What is protein and why it is needed...

Protein is the major functional and structural component of all body cells; all enzymes, membrane carriers, blood transport molecules, intercellular matrices, hair, fingernails, serum albmin, collagen are proteins. In addition, the constituent amino acids of protein act as precursors of many coenzymes, hormones, nucleic acids, and other molecules essential for life. An adequate supply of dietary protein is essential to maintain cellular integrity and function.

Protein is a macronutrient made up of two types of amino acids. Amino acids are the building blocks for new protein to build new tissue and repair old tissue. Non-essential amino acids are synthesized by a healthy body from the foods that we eat each day. Essential amino acids must be obtained daily from our diet.

For more information on protein, see Dietary Reference Intakes for Energy, Carbohydrate, Fiber, Fat, Fatty Acids, Cholesterol, Protein, and Amino Acids, 2002, Chapter 10, pages 465-608, Food and Nutrition Board (FNB), Institute of Medicine (IOM). Also see my Carbohydrates and Fats pages.

Protein deficiency signs?

Sufficient protein must be ingested to maintain body cellular and organ functions. Sufficient carbohydrates must also be consumed to meet energy needs, otherwise the carbon skeletons of amino acids in protein will be used for energy purposes. In addition, amino acids in the right balance must be present in the ingested protein otherwise protein utilization will be affected. Protein-energy malnutrition is quite common in both children and adults and is associated with disease. Protein deficiency has an adverse affect on all body organs and has been shown to have harmful effects on the brain, immune system, digestion, and kidney function. Protein malnutrition can be detected by low levels of albumin and transferrin in the blood. Common physical signs associated with protein deficiency are:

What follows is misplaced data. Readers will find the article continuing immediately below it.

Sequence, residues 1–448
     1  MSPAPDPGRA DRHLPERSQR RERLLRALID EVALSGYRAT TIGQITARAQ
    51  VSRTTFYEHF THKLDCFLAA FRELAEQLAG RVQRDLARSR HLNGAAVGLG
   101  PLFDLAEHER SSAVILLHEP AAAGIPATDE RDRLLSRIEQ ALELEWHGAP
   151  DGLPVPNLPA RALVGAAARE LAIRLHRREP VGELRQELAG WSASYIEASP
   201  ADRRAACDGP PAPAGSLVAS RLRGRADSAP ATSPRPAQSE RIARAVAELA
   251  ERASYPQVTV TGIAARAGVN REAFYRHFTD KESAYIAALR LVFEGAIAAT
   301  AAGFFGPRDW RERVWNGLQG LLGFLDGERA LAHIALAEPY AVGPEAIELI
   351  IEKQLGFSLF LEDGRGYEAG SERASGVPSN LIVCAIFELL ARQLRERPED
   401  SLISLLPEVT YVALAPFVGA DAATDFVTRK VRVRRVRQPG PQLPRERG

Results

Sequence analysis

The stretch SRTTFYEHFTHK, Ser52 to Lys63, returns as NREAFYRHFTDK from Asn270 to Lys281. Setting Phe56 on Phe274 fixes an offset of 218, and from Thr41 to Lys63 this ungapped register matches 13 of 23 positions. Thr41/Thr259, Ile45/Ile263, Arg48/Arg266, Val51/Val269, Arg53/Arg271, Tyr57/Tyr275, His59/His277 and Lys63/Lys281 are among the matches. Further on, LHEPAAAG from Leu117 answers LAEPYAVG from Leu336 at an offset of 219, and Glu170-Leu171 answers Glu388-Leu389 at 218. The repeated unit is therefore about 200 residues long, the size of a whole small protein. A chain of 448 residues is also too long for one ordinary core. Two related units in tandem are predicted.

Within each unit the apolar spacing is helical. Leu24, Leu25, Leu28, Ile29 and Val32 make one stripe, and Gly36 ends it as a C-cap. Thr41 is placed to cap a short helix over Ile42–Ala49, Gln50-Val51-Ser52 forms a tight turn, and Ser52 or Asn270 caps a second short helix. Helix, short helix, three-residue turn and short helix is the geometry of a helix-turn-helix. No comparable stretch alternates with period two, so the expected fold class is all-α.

1. Skin becomes thinner and appears dull
  2. Hair changes color, stops growing, or falls out
  3. Increased secretions from the mouth, nose, and eyes
  4. Edema of the hands and feet
  5. Muscle and/or menstrual cramps
  6. Low tolerance for exercise
  7. Cold hands and feet
  8. Bleeding gums

If you suspect you have a protein deficiency, contact your doctor or healthcare professional immediately.

Non-essential amino acids

  • Alanine (synthesized from pyruvic acid)
  • Arginine (synthesized from glutamic acid)
  • Asparagine (synthesized from aspartic acid)
  • Aspartic Acid (synthesized from oxaloacetic acid)
  • Cysteine
  • Glutamic Acid (synthesized from oxoglutaric acid)
  • Glutamine (synthesized from glutamic acid)
  • Glycine (synthesized from serine and threonine)
  • Proline (synthesized from glutamic acid)
  • Serine (synthesized from glucose)
  • Tryosine (synthesized from phenylalanine)

Essential amino acids

  • Histidine
  • Isoleucine
  • Leucine
  • Lysine
  • Methionine
  • Phenylalanine
  • Threonine
  • Tryptophan
  • Valine

Protein sources

Protein in our diets can come from animal and plant sources. Most animal sources (meat, poultry, fish, eggs, milk, cheese, and yogurt) provide complete protein, meaning that they contain all the essential amino acids. Protein from plants, legumes, grains, nuts, seeds, and vegetables don't contain all the essential amino acids but different sources are deficient in different amino acids; so eating different sources can supply all the essential amino acids. The digestive system, via enzymes, breaks all proteins down into their constituent amino acids so that they can enter the bloodstream. Your body needs protein, it cannot survive on just carbohydrates. Like carbohydrates, one gram of protein provides 4 calories of energy. There is some evidence that the source of protein may be important and that animal protein can cause problems, see Too much protein may cause reduced kidney function and The Effect of Dietary Protein Intake on Kidney Function in Women with Normal or Mildly Abnormal Kidneys which are based on the research article The Impact of Protein Intake on Renal Function Decline in Women with Normal Renal Function or Mild Renal Insufficiency, E.L. Knight, M.J. Stampfer, S.E. Hankinson, D. Spiegelman, and G.C. Curhan, Annals of Internal Medicine, 18 March 2003, Volume 138, Number 6, pages 460–467.

Tissue protein can also be broken down into amino acids and used for energy if there are not enough fats and carbohydrates in the diet. This can result in loss of muscle mass.

How much protein does my body need?